The Unbearable Lightness of Materialism

Sometimes theists leave comments on my primary blog, planetologist.net. Recently a comment in response to my screed against Rick Warren prompted a reader - actually not a raving lunatic, rather a pretty calm but (sadly) theist writer - to leave a comment that invoked the M word... materialism. There were also a fair number of "quote me and then argue against my quote" comments, which I find almost as annoying, but that's another issue.

Anyway, I ended up writing so much that I thought I'd at least try to salvage something of my time by posting what I wrote as its own blog entry. Which follows.

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Nope. There will be no Gish Gallups on this blog. No throwing out of ten different fallacious arguments, hoping the moderator (me) hasn't the time to address them all, then when he (I) does, just throw out five more for each point addressed. Mathematically, by this method the galloper wins by default. Well, not here.

To nip this diseased flower in the bud, I'll cut to the core fallacy: materialism. I'm sorry to break this to you, but there isn't any such thing. It doesn't exist. By that I mean it is fictional, imaginary. No scientist looks at a spread of data and says "hmmm, according to a materialist frame of reference my data signifies X...". That does not happen. Ever. The term materialism is a made-up word used by theists when they have run out of arguments... and since they don't have any arguments to begin with, "materialism" gets trotted out fairly quickly in most cases. Using the term materialism lends imaginary credence to the idea that there is a serious branch of study focusing on "non-materialism"... that there is a "material" part of the universe and a demonstrably "non-material" part. The problem with this setup becomes apparent the first time someone tries to pin down a definition for either. What is "material" and what is "immaterial"? According to theists, immaterial things include gods, angels, demons, souls, perhaps ghosts, sometimes faeries. These things, we are told by theists, are immaterial but real, and only our closed-minded refusal to see the real world as it truly is separates us from the ranks of the enlightened faithful. If only we would open our minds, they say, we'd be able to bathe in the light of true understanding. Usually, at that point, Shakespeare's quote about more things in Heaven and Earth than are dreamed of in your philosophy, etc., gets trotted out.

Sorry, no. Which of the following is more open-minded: 1) asserting that one simply knows, absolutely and beyond any possibility of falsification, that gods, ghosts and ectoplasmic spirit substance exists, or 2) observing that no reliable models for how anything works, anywhere and at any time, require an immaterial explanation, therefore immaterial things probably aren't really there... but that if good evidence were to come forth, we'd all have an interesting new branch of physics to study? Which of those is the more closed-minded position? If someone is a theist, obviously the second option is more closed-minded, because no theist true believer will ever admit to the possibility that stories told to them from childhood were told to them by people who learned them through the same channel of hearsay, and that they've based their life and wasted their energy on a fiction.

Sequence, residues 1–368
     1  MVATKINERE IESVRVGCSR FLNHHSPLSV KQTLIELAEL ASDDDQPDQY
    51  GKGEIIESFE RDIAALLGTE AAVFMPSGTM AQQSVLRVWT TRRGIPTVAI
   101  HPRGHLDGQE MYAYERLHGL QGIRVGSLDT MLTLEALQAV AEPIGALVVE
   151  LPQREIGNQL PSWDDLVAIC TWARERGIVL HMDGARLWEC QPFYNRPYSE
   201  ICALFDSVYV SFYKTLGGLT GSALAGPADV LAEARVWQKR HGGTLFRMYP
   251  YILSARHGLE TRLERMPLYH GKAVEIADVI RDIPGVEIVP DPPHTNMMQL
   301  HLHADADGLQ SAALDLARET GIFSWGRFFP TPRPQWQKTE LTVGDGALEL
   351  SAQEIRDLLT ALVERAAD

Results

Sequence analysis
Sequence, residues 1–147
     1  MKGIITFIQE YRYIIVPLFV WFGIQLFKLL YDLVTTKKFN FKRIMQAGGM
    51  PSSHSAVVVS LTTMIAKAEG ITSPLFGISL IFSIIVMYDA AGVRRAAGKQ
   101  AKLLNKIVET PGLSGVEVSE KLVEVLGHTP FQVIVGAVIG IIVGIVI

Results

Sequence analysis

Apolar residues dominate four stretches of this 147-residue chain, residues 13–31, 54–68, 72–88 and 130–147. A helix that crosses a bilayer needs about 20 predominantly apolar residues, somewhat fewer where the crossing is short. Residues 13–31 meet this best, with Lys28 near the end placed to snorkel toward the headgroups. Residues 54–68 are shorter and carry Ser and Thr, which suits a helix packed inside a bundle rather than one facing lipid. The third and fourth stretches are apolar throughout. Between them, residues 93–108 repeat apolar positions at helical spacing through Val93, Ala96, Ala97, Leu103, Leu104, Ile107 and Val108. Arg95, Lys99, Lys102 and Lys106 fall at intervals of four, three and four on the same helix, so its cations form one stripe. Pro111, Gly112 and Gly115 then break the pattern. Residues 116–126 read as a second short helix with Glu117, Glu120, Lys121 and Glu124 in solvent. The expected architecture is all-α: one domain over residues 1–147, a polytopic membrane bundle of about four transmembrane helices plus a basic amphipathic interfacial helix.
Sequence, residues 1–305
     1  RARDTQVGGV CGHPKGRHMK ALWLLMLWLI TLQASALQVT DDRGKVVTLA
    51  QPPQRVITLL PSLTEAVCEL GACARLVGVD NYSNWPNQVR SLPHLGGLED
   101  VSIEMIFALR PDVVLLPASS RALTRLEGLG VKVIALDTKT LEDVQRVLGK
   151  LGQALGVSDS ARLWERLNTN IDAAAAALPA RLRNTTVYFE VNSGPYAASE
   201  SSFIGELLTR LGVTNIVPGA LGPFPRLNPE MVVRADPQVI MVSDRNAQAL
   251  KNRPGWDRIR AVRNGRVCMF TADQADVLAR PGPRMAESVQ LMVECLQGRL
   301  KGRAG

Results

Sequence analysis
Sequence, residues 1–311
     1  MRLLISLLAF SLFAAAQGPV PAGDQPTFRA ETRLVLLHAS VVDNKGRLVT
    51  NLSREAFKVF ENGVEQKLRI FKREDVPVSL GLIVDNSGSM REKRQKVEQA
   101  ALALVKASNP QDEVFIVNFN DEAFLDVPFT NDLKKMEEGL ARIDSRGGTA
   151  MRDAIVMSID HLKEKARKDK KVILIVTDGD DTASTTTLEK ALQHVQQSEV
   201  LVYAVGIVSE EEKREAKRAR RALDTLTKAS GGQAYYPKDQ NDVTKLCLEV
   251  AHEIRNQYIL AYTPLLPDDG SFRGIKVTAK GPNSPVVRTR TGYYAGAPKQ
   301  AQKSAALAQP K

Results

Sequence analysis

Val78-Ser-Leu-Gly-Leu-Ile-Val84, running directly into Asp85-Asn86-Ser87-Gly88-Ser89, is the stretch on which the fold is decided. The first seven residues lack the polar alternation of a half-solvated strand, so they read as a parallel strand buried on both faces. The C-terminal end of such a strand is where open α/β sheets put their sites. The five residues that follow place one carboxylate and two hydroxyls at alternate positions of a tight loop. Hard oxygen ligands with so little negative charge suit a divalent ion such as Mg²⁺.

What evidence is there to support the theist's model of immaterial things? That we don't fully understand every aspect of the Big Bang? That the lack of absolute knowledge allows one to insert whatever the hell one wants? Seriously? That's an argument from ignorance, a god of the gaps fallacy. Basically, that point of view asserts: "We don't understand what happened before the Big Bang, therefore I understand what happened before the Big Bang." Sorry, but no you don't. Lacking data about some high-level physics problem does not give one a logical basis upon which to assert some ridiculously even-more-complicated model of a cosmic superintelligence. It does not follow, nor does it lead rationally to the assumption of a benevolent Overmind about which one has highly specific information about its motivation, intent, wishes, and its propensity to answer prayers. It is simply astounding that theists cannot see the self-evident absurdity of their position.

I have no problem with the universe being bigger than I can understand or imagine. I don't assume I have all the answers, nor do I assume that childhood fables prepare me to offhandedly contradict the sum of human knowledge because I find some of its conclusions unsettling. When I put my ego aside and try to examine things rationally, I see no evidence whatsoever for "immaterial" objects or forces. If you have such evidence then please bring it forward. I'm fairly sure we'd all like to see it. But keep in mind that personal imaginary experiences of voices in the dark, or dreams, or a warm fuzzy feeling, or appeals to tradition, or appeals to ignorance, or convoluted psychomasturbatory arguments from pre-industrial greybeards do not constitute evidence.

Scientists - good scientists - try not to assert positively that there is no ectoplasmic dimension to reality, they simply note that such a model is not required by anything we understand so far, nor is there an obvious place where it could fit, nor do we reliably observe the kinds of phenomena that would probably be commonplace if such an immaterial realm existed. The only honest conclusion to be drawn is that the supernatural is fictional. Theists, on the other hand, really do make routine, positive assertions that things exist without a single tiny mote of supporting evidence. They see gaps in our knowledge and are perfectly happy to leap right into those gaps and declare the problem solved by fiat, then shake their heads in sorrow at the poor, dogmatic, close-minded scientist.

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